5 Social Media Metrics That Actually Matter

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Measure for measure
By Annabel Hodges, contributor. 18 July, 2016
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Does the number of followers you have actually impact your bottom line? How do you assign value to your social media presence? We take a look at some of the metrics that can help you answer these questions.

Social media is a fickle world obsessed with fans, followers and Klout scores. KPIs are vague at best and campaign targets are tenuous. So how do you measure the true ‘success’ of your social media campaigns?

  1. Define the Why

Before you start tracking anything, define why you’re tracking that metric. This is more important to your campaign than any ‘defined’ metric out there. Okay, so you’ve doubled your number of followers, but why is that helping your business? What do you want from these followers? Are you building a long-term relationship? Do you need to convert them to an action in the short-term such as signing up to your mailing list. Once you have defined goals, only then can you make the most of tracking your metrics.

  1. Engagement

Engagement is a catch-all word in social media. We know that we want our audience to interact with us but we also need to measure that interaction. It’s easier said than done when tracking across multiple platforms but a simple formula breakdown for this is something like: Number of audience comments/replies per post.  The higher the conversation rate, the more your audience is truly interested in what you’re saying. Don’t assume a like is an act of engagement with your post, it requires little effort and should be considered a separate metric. Analytics expert Avinash Kaushik defines likes as an Applause metric  rather than an engagement metric, which is a great way to better categorise these metrics.

  1. Amplification

Aside from interacting with your business, social media campaigns are unique in that they provide a series of extended networks to whom you can actively promote your wares. The metric from this is Amplification Rate, which is the number of retweets or shares for your post. Make the most of this. Don’t just look at flat numbers but take into account how other influencing factors such as time of posting, messaging and platforms, impact the metric.

Tweets provide a great opportunity to A/B test your headlines, and potentially roll out your findings to other platforms

  1. Click-through-Rate (CTR)

We’re used to A/B testing across most digital marketing platforms – alternating email subject lines, showing multiple Adwords adverts etc. – but A/B testing in social media is underused. CTR measures the number of people who click through on a link after seeing your post. Tweets provide a great opportunity to A/B test your headlines, and potentially roll out your findings to other platforms.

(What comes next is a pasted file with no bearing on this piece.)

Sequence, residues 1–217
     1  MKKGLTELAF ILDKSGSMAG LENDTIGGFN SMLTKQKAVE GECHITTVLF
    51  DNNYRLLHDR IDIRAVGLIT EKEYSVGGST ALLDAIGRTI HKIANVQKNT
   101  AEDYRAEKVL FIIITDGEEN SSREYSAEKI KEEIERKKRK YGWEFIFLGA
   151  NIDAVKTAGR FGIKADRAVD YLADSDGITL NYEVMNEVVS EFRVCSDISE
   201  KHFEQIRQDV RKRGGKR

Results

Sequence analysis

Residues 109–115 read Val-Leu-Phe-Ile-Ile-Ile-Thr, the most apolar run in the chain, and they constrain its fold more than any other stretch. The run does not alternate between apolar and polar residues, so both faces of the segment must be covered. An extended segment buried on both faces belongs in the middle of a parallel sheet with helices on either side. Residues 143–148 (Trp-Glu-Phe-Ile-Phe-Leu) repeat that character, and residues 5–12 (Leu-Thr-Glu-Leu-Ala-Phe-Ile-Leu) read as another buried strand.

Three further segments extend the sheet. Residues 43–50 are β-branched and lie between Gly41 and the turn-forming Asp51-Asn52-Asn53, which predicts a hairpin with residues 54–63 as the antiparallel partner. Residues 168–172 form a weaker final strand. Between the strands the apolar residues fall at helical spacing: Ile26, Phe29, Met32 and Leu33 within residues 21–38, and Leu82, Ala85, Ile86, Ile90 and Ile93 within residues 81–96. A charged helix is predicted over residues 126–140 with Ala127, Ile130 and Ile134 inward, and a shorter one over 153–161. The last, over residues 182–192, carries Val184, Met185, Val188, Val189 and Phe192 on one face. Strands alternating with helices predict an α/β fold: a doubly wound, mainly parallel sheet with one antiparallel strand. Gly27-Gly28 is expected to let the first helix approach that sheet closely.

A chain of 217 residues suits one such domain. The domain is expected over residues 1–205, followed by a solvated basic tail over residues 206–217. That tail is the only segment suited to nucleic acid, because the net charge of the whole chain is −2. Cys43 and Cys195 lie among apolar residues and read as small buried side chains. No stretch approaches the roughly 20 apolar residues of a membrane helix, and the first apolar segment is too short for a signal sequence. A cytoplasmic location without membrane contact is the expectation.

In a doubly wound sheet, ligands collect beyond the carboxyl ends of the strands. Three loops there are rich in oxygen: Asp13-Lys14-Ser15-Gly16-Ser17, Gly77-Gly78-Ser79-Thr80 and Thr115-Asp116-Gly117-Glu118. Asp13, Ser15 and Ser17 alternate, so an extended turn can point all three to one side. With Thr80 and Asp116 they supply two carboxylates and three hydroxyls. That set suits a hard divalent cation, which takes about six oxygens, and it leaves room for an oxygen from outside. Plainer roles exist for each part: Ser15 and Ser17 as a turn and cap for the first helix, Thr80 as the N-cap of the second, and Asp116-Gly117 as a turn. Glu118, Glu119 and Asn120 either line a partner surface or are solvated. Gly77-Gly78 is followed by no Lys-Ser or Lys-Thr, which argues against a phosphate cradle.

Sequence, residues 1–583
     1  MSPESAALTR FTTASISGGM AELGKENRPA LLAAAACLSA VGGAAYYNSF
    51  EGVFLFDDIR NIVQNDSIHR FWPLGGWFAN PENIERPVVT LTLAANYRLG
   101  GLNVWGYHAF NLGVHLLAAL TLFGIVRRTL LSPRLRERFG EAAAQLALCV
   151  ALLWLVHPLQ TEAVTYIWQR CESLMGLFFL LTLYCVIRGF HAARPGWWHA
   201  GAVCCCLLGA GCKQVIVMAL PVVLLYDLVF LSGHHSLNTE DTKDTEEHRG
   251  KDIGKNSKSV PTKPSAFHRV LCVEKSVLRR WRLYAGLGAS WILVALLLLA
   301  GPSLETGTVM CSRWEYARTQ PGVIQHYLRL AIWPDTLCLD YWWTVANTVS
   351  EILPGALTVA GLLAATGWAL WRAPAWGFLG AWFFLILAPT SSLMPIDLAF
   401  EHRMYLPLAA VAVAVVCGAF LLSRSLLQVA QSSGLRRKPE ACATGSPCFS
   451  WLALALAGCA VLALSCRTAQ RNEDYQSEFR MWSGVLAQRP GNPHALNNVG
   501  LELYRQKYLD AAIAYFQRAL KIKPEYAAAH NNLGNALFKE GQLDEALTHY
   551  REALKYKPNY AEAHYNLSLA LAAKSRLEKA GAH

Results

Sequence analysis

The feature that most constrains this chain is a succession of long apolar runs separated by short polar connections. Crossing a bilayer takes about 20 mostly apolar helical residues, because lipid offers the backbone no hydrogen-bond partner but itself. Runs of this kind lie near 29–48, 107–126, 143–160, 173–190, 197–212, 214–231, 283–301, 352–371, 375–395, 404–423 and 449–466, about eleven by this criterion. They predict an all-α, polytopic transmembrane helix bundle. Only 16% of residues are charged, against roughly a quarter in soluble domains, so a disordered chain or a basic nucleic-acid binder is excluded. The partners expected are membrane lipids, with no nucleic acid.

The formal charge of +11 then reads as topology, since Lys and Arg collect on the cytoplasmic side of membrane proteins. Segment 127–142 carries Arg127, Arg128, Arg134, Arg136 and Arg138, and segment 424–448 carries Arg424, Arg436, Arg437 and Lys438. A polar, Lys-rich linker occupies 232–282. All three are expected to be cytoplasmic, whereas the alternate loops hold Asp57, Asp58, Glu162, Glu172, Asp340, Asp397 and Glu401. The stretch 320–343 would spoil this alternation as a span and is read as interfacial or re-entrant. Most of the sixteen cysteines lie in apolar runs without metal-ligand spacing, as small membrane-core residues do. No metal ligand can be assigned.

You should be posting the same tweet multiple times across any given day (use a tool like Buffer for this) in order to be seen in the timeline of as many of your target audience as possible. Try subtly changing the text of your tweet and see what impact this has on your CTR. Learn which hashtags resonate the most. Does the URL name make a difference (use a tool such as Bit.ly to test this)?

  1. Response Rate

One final metric that should not be forgotten is the monitoring of your own community management. Potential and existing customers will often use social media to reach out to you; if you do not have a clear response strategy in place you could be missing out on valuable opportunities to convert or extend the relationship you have. Ensure your team has a clear plan of how to respond, and within what timeframe, so you can avoid being on a future Social Media Fails list.

Contact us or phone us on 02 8247 8700 to find out more about how The Dubs can make content marketing work for your business.

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Originally hailing from the UK, Sydneysider Annabel is a digital marketer with over a decade's experience working with global agencies and brands. A data and spreadsheet aficionado, she recently swapped SEO for motherhood and we eagerly await the analytics report! She is also maternally bilingual in French and English and speaks fluent Spanish.